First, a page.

For members


Reader question: Should I cancel my ski trip to Switzerland this winter?

The ever-changing travel rules and other Covid-related restrictions make it difficult to plan a ski trip to Switzerland in the coming weeks. Here’s an overview of how things stand right now and what they might look like in the near future.

Large cable cars will have their capacity reduced to 70 percent. Photo by Fabrice Coffrini / AFP
Large cable cars will have their capacity reduced to 70 percent. Photo by Fabrice Coffrini / AFP

In the pre-pandemic days, skiing or engaging in other winter sports in one of Switzerland’s trendy (or less trendy) resorts was relatively easy. All that was needed was plenty of snow, a plane ticket, hotel or apartment booking and lots of cash.

You still need snow and money to ski in Switzerland, but now planning a trip to Swiss Alps is fraught with uncertainty, which is expected to intensify as Christmas is approaching.

This uncertainty prevails on several levels.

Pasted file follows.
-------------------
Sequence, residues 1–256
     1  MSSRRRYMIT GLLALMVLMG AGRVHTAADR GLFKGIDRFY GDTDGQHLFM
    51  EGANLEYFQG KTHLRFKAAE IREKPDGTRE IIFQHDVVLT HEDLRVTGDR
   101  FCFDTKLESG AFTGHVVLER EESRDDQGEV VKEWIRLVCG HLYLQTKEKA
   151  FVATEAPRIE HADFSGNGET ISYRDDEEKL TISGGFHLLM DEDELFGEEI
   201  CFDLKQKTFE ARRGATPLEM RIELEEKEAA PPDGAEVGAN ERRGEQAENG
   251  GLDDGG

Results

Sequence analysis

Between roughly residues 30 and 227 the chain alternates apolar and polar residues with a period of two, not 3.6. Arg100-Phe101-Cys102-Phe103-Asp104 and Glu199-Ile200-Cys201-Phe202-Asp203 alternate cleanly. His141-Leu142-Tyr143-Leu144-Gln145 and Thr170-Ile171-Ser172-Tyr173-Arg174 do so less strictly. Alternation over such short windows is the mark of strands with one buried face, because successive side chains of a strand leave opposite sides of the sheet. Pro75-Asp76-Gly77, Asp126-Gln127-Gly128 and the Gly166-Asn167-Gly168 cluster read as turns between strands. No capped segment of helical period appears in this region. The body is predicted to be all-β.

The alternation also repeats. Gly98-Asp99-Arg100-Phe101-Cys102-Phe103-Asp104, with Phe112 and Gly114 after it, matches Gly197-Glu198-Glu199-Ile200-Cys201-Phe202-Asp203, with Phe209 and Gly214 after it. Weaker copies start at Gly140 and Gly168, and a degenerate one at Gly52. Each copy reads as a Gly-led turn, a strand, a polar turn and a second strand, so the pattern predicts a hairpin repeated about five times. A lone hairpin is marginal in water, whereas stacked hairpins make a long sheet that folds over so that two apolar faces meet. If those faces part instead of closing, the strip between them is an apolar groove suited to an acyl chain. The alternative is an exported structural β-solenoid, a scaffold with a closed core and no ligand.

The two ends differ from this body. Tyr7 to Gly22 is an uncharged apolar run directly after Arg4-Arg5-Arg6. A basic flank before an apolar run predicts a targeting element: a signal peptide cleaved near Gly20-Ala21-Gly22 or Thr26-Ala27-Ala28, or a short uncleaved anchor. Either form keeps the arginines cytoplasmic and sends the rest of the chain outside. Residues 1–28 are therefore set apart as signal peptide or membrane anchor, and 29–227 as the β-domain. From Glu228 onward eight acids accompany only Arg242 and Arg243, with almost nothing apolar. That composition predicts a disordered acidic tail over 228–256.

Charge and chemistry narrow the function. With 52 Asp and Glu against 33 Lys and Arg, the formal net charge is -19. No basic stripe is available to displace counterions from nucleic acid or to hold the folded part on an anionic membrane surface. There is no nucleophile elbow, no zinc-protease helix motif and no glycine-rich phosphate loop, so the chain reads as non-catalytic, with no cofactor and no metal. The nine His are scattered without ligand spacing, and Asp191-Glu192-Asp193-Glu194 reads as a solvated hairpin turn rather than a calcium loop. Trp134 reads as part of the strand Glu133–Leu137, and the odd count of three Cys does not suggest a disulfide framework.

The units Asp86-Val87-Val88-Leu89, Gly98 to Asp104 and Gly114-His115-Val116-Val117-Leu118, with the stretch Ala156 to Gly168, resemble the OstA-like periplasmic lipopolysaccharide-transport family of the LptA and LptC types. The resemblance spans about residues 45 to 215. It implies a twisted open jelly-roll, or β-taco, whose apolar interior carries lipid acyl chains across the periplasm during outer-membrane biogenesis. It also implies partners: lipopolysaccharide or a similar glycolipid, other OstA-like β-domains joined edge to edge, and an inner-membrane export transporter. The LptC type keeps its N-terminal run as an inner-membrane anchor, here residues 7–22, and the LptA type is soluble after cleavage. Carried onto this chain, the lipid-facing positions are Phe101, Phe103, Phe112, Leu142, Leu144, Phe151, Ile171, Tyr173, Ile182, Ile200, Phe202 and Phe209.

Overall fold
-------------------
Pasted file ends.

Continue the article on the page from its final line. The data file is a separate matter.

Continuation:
Travelling to Switzerland

Under the new rules, everyone entering Switzerland must show a negative PCR test taken within 72  hours of arrival. This is required regardless of your vaccination status.

Those travelling via plane will also need to show the test before boarding. 

You will then need to take another PCR or antigen test between four and seven days after arriving — unless you are staying in Switzerland fewer than four days. 

READ MORE: Travel: What are Switzerland’s Covid test requirements?

These requirements were enforced on December 4th to rein in the spread of Covid and its newest variant, Omicron, while scientists are investigating whether vaccination protects against this particular strain, and to what extent.

These new rules may be necessary to keep the pandemic under control, but they are inconvenient from a purely tourism-related point of view, as they require additional advance planning and expense.

READ MORE: ‘A new wave’: Why Switzerland wants to impose tight new measures

The only way to get into Switzerland these days: a PCR test. Photo by Valery HACHE / AFP

Resort and ski slope requirements

You do not need a Covid certificate / proof of vaccination to ski, but you do need to show it to be allowed into indoor areas of bars and restaurants on slopes and in the resorts.